Supply chain: Forced pressure on Biden to raise Trump tax as tensions increase

Mr. Trump imposes taxes on $ 300 billion of China’s manufactured goods – and despite changes in governance, jobs remain. U.S. exporters have paid more than $ 190 billion to pay these taxes so far, and many of them are now facing higher transportation costs.

While the Biden administration has been conducting a comprehensive review of the US-China political business, it has said little about resuming trade talks or promoting sanctions.

Now the pressure on Biden management to address the issue is growing, as retail problems continue to rise – resulting in shortages and high prices for everything from tanks to furniture to cars.

“Paying taxes is a quick and foolish way to help companies get seriously injured by the burden of staying in business and keeping people working,” said Steve Lamar, president and CEO of the American Association of Apparel and Footwear.

The union sent a letter to the U.S. office. Trade Representative last week urging the government to give them tax breaks. This was followed by a similar request from the four major manufacturing agencies, acknowledging that trade deficits need to be addressed over a long period of time, but said tax exemptions could provide relief there.

The trade deficit, which is compounded by trade deficits created by activities that “are undermining the competitiveness of US manufacturers and stabilizing the US economy,” the teams wrote.

Taxes are in place forever

Better yet, U.S. retailers they are urging the Biden administration to reinstate the exemptions some of them have received since 2018. When jobs were first created, companies could apply for waivers that were often offered items that could not be purchased from a US manufacturer. or anything other than China.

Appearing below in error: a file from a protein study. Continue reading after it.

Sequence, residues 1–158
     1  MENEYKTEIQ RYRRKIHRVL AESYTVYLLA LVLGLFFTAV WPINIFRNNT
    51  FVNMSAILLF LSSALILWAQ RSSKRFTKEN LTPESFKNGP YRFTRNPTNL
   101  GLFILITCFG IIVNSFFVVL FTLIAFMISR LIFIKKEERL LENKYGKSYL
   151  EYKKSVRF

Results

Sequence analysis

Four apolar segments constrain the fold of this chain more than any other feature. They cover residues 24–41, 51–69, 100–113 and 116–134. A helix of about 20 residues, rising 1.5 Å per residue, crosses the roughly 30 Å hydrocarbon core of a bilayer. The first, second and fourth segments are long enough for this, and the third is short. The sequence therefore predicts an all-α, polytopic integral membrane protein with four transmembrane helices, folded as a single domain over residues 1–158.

Some of the exceptions have been increased, such as those for self-defense equipment which is in high demand due to the epidemic, but many others have expired.

Currently there are taxes on most of the goods being shipped from China to the United States, including items such as baseball caps, luggage, bicycles, TVs, sneakers and various other items used by American manufacturers. The average rate is 19% – more than six times higher than the trade war before 2018, according to the Peterson Institute for International Economics. Buyers pay the taxes and usually pass on one or more of the prices to consumers.
Mr Trump used the tax as a payroll, which meant damaging China’s economy and forcing Beijing to agree to a new trade agreement that negatively regulates trade practices, such as smuggling and forced technology. He and Chinese President Xi Jinping reached a so-called Phase One agreement in early 2020. Some of these issues have been resolved, but issues such as businesses and state-owned enterprises have been left untouched. The agreement also reduced some of the taxes, but left them in the lurch.

There are no shelves and high prices

Marketing problems are hitting US companies at every step of the way. Increasing diversity in Delta and shortages of vaccines in other countries have led to the suspension of some foreign factories. There are back-to-back ports, such as the Los Angeles and Long Beach Ports where ships wait from the shore to do so. The shortage of US truck drivers is causing another congestion.

All of these cases are driving the shipping cost to companies, forcing them to pay shipping taxes that could be twice as much on a device than they did last year. The device is not only expensive but there are some extras if the seller is unable to bring the items out of the station quickly.

Large companies can find services, such as Costco, which has developed three cargo ships. Small companies are at risk of paying shipping costs which they cost on their payroll.
For retailers, fears are mounting that the crisis will boost the holiday shopping season this year. Most experts do not expect transportation problems to resolve in the months or even years to come.

But raising the tax can reduce some of the pressure.

“The obvious tax increase will not affect all lines in La Long Beach,” said Phil Levy, an economist at freight forwarding Flexport. “But what it would be like to make life easier for groups that have been very difficult lately.”


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